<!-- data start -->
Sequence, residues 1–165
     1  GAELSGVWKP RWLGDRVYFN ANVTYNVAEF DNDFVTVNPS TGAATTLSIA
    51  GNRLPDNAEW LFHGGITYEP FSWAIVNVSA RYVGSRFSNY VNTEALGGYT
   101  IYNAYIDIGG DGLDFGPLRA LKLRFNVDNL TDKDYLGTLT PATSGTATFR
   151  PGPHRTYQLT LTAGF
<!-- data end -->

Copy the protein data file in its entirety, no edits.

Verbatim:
Sequence, residues 1–165
     1  GAELSGVWKP RWLGDRVYFN ANVTYNVAEF DNDFVTVNPS TGAATTLSIA
    51  GNRLPDNAEW LFHGGITYEP FSWAIVNVSA RYVGSRFSNY VNTEALGGYT
   101  IYNAYIDIGG DGLDFGPLRA LKLRFNVDNL TDKDYLGTLT PATSGTATFR
   151  PGPHRTYQLT LTAGF